March – at a dinner celebrating Robert Frost's 85th birthday, the critic Lionel Trilling gives some brief remarks about Frost's poetry and "permanently changed the way people think about his subject", according to critic Adam Kirsch. Trilling says that Frost had been long viewed as a folksy, unobjectionable poet, "an articulate Bald Eagle" who gave readers comfortable truths in traditional meter and New England dialect in such schoolbook favorites such as "Stopping by Woods on a Snowy Evening" and "The Road Not Taken"; but was instead was "a terrifying poet" not so much like Longfellow as Sophocles, "who made plain ... the terrible things of human life." Trilling is severely criticized at the time, but his view will become widely accepted in the following decades.
May 18–24 – Nikita Khrushchev, Soviet Union, head of state, in an extemporaneous speech at the Congress of Soviet Writers, calls for indulgence towards "deviationist" writers. At the same conference, the poet Alexis Surkov again condemns writing "hostile to socialist realism and denounces fellow poet Boris Pasternak as acting in a way that is "trecherous and unworthy of a Soviet writer". A liberalizing trend in the state's treatment of its writers is evident. Surkov, the subject of intense criticism himself, resigned from the congress, and at some point in the year attacks against Pasternak ceased.
December – "The Poetry Society" episode of Hancock's Half Hour is broadcast on BBC radio, satirizing artistic pretensions.
In the United States, "Those serious new Bohemians, the beatniks, occupied with reading their deliberately undisciplined, protesting verse in night clubs and hotel ballrooms, created more publicity than poetry", wrote Harrison M. Hayford, a professor of American Literature at Northwestern University. "Meanwhile back on the campus, the 'square' poets were turning more and more to a controlled verse, much of it good enough to survive the pointed charge of academicism." Non-beat, off-campus poets almost routinely displayed "simple competence in the handling of complex forms", he wrote in Encyclopædia Britannica's Britannica Book of the Year 1960, which covered 1959.
^Preminger, Alex and T.V.F. Brogan, et al., editors, The Princeton Encyclopedia of Poetry and Poetics, 1993, Princeton University Press and MJF Books, "Canadian Poetry" article, English "Anthologies" section, p 164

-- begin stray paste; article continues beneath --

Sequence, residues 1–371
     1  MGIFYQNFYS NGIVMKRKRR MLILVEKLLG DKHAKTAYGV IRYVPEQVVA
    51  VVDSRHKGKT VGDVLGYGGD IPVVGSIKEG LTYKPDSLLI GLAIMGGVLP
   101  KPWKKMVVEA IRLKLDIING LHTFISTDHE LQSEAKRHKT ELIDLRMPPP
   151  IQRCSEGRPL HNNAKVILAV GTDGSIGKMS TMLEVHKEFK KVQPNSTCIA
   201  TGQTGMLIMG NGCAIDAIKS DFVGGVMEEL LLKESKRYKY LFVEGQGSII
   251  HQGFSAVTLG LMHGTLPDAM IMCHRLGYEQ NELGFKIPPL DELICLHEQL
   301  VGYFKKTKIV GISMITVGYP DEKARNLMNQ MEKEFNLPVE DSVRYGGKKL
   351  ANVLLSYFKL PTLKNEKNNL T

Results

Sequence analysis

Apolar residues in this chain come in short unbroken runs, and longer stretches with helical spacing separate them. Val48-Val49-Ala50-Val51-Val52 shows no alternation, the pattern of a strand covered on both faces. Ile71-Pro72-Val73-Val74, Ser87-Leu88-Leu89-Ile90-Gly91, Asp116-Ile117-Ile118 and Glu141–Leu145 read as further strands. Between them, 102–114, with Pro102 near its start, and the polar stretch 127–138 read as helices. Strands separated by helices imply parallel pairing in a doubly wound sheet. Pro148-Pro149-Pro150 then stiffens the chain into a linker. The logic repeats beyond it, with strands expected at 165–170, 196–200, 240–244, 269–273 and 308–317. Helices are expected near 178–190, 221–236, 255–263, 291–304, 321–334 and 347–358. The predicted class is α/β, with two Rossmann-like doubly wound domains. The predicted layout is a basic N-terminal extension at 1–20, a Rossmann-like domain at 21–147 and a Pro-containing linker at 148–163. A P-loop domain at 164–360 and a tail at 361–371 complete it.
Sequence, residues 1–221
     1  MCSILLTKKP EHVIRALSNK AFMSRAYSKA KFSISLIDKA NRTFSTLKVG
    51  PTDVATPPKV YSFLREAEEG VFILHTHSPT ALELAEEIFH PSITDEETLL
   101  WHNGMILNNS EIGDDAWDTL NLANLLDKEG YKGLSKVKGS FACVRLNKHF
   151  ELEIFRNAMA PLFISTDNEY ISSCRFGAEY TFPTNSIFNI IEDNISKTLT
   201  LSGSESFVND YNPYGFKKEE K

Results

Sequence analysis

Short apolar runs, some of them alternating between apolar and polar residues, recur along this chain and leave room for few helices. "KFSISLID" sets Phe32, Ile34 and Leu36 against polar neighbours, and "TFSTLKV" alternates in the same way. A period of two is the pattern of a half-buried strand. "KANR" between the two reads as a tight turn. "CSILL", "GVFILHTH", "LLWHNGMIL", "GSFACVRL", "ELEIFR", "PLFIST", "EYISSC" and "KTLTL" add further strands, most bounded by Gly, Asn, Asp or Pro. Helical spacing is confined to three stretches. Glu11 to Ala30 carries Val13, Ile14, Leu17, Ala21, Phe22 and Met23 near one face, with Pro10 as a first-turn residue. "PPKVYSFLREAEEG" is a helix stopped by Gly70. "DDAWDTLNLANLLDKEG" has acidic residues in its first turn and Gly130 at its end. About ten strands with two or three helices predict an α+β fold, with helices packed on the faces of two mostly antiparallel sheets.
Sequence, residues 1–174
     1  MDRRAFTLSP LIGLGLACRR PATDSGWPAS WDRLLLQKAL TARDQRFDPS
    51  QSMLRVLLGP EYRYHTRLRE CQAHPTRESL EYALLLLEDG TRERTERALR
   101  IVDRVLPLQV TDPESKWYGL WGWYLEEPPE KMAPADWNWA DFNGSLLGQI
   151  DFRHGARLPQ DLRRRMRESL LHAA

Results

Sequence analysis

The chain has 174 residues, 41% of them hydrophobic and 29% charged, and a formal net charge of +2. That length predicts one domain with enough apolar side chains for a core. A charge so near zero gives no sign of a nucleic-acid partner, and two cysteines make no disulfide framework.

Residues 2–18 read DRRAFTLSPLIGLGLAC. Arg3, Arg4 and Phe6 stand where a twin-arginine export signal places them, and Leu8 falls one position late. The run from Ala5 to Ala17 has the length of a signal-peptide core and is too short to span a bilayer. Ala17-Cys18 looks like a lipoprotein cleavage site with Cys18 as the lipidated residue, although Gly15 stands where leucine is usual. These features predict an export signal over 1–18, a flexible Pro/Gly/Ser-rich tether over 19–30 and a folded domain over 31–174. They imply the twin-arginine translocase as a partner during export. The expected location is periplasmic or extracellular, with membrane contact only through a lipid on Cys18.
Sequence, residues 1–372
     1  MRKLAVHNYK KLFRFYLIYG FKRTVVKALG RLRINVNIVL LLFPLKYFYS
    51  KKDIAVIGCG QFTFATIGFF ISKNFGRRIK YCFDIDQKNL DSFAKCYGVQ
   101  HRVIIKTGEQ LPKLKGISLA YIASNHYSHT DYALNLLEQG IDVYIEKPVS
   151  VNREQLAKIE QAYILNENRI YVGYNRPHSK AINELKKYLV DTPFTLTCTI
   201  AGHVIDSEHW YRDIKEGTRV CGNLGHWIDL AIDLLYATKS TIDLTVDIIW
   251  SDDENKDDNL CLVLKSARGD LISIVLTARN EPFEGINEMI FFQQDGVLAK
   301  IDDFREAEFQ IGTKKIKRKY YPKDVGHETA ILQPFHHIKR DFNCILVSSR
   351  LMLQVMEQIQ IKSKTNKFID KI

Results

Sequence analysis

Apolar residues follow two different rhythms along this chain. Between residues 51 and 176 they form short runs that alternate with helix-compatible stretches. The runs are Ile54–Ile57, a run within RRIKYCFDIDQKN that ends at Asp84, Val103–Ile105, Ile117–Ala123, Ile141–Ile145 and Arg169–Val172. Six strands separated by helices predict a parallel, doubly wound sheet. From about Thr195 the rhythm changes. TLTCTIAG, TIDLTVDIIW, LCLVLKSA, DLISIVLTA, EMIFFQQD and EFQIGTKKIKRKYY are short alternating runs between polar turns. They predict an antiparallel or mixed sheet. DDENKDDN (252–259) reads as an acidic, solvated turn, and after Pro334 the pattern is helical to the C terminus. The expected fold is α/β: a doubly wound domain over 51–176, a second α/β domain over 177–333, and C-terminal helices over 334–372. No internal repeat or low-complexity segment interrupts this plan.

^" Robert Finch," Online Guide to Writing in Canada. Web, Mar. 17, 2011.
^Lal, P., Modern Indian Poetry in English: An Anthology & a Credo, p 8, Calcutta: Writers Workshop, second edition, 1971 (however, on page 597 an "editor's note" states contents "on the following pages are a supplement to the first edition" and is dated "1972")
^ abcdefghijM. L. Rosenthal, The New Poets: American and British Poetry Since World War II, New York: Oxford University Press, 1967, "Selected Bibliography: Individual Volumes by Poets Discussed", pp 334-340
^ abcCox, Michael, editor, The Concise Oxford Chronology of English Literature, Oxford University Press, 2004, ISBN 0-19-860634-6
^ abcdefghijLudwig, Richard M., and Clifford A. Nault, Jr., Annals of American Literature: 1602–1983, 1986, New York: Oxford University Press ("If the title page is one year later than the copyright date, we used the latter since publishers frequently postdate books published near the end of the calendar year." — from the Preface, p vi)
^Preminger, Alex and T.V.F. Brogan, et al., editors, The Princeton Encyclopedia of Poetry and Poetics, 1993, Princeton University Press and MJF Books, "New Zealand Poetry" article, "History and Criticism" section, p 837
^ abcAuster, Paul, editor, The Random House Book of Twentieth-Century French Poetry: with Translations by American and British Poets, New York: Random House, 1982 ISBN 0-394-52197-8
^Preminger, Alex and T. V. F. Brogan, et al., The New Princeton Encyclopedia of Poetry and Poetics, 1993. New York: MJF Books/Fine Communications
^ abcdBree, Germaine, Twentieth-Century French Literature, translated by Louise Guiney, Chicago: The University of Chicago Press, 1983